I had an actual real shower on the boat! It was amazing! I washed and conditioned my hair. And even plucked my eyebrows! Which I’m almost embarrassed to admit, but whatever – Luxury in the jungle. The rest of my afternoon consisted of wandering around camp, checking in on folks. Then sitting on the tarp with the medics and bullshitting. I laid in my hammock for awhile reading. I walked down to the river with some of the runners. All in all, quite relaxing. Our “clinic” picked up a little in the evening with foot care issues. (Of course, what else would we possibly do at a race????). But the medics were happy to help and take care of feet. And if they’re happy, I’m happy. I got my hair french-braided by Emily. While I was sitting there, one of the medics handed me a cup of one of the local drinks. I felt like a proper princess!
I could only stomach ramen noodles for dinner. I got the dinner sweats bad! I just can’t eat in this heat. I could barely wait for bed. I went through the process of digging through my bags numerous times to find toothbrush and toothpaste, then my jammies, then my vitamins, then my kindle, and on and on. Hammock time! Two stages down! Six to go!
Race Day 3:
Once again, there were some early risers in the group. Luckily I was able to get another half hour of sleep after the madness began. It was another river start for the racers. This time an even further swim. No mishaps once again. It was a beautiful view down the river with the sun just rising. The local villagers turned out to watch these crazy people who have decided to undertake this epic foot voyage through their jungle.
I’m not sure what happened this morning but I’m pretty sure that no one knew where the checkpoints were or what was going on. They told us CP1 had closed only an hour after the start of the race. Given the timing from yesterday – I didn’t see how this was possible. And then they told us it was a 5 km walk to CP2 where earlier someone who spoke good English told me it was a 500 meter walk. So who knows… But I didn’t think it was good for me to be roughly an hour walk from the ambulance so onward we went to CP3.
CP3 is amazing! It’s in the shade within an indigenous village. The chief sat proudly with his feather headdress and his beautiful children running around him. The children are gorgeous. They have their bodies painted and feather halos on their heads. They smile shyly for the cameras and giggle when you show them their photo. The chief walked me through his village and showed off where they have their formal dances, their church, and their bee population for making honey.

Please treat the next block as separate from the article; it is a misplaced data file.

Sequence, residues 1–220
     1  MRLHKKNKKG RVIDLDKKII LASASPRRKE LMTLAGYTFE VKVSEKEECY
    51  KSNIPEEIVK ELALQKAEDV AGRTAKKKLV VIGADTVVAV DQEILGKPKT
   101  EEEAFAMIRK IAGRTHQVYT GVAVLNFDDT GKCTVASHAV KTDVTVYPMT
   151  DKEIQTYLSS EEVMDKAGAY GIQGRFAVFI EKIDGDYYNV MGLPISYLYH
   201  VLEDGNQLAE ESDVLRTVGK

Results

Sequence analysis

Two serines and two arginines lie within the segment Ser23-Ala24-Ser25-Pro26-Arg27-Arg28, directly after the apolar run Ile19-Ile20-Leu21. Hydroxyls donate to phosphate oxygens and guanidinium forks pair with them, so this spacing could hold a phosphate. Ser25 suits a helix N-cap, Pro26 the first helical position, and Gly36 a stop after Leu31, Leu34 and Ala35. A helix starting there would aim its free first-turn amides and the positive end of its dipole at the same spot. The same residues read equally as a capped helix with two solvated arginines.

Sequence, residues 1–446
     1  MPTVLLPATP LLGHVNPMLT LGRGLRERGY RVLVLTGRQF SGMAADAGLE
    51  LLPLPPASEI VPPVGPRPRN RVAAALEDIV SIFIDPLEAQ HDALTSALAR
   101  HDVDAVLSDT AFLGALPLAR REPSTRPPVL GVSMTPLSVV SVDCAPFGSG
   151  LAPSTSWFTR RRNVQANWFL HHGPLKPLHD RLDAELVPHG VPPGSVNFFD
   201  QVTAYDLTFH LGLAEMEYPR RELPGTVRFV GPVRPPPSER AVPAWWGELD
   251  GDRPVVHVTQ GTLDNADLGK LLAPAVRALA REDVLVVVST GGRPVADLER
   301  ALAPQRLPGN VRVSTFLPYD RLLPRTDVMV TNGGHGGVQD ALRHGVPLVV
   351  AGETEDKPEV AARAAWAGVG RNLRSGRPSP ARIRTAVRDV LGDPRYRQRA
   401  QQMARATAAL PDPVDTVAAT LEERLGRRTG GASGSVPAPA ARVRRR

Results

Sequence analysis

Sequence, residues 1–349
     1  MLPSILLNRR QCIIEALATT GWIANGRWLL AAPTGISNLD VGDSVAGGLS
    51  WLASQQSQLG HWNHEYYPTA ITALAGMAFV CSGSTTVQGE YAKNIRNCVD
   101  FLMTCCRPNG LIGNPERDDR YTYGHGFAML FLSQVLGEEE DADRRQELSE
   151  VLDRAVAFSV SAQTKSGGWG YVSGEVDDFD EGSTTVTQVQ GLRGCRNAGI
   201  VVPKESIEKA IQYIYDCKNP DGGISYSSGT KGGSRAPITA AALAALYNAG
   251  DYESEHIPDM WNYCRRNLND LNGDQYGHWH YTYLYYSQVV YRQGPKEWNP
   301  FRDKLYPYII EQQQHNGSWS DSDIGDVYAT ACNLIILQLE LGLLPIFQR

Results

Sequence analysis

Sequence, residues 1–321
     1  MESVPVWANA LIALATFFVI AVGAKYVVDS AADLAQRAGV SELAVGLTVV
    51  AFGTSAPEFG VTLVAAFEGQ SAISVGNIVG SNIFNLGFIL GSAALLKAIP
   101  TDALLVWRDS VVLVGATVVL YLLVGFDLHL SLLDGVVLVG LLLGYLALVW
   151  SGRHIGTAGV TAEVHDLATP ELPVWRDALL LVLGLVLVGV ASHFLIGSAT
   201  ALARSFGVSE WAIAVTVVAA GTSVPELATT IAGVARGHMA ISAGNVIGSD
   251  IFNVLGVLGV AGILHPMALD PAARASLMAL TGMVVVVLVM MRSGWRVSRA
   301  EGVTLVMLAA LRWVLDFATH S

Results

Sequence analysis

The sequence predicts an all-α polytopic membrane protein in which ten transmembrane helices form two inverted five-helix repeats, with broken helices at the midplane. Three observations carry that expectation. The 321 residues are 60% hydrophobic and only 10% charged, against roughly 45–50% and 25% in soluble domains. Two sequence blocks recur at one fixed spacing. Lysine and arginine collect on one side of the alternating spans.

The runners look surprisingly well for the distance and the heat. CP3 is roughly the halfway point. The front runners came in in a group of 3 – 2 Brazilians and 1 Australian. They looked like they were really pushing it. I’m pleasantly surprised at how great people are doing. Ash and I spent a lovely 30 minutes down by a cold river on a rickety bench with our feet in the water. It was a much needed break and re-set. Apparently camp tonight is in the “deep jungle”…… don don doooooonnnnnnnnn.
So on our way to the starting off point for the deep jungle, we got a call that someone was “bad”. Once again, that’s the only information that I had. So we headed back out over the extremely bumpy roads in our Fiat ambulance to see what was up. We stopped to ask villagers several times where the different access points to the course was from the road and from my limited knowledge of Portuguese, it seemed like we were getting differing opinions. But we finally found a jungle access point, and just as we were hiking uphill, we saw the Bombeiros along with the communication team with our runner. He was walking with some minor assistance and one of the locals was carrying his pack for him. He had some dizziness and numbness while hiking, but it quickly resolved after he made the decision to pull himself out of the race.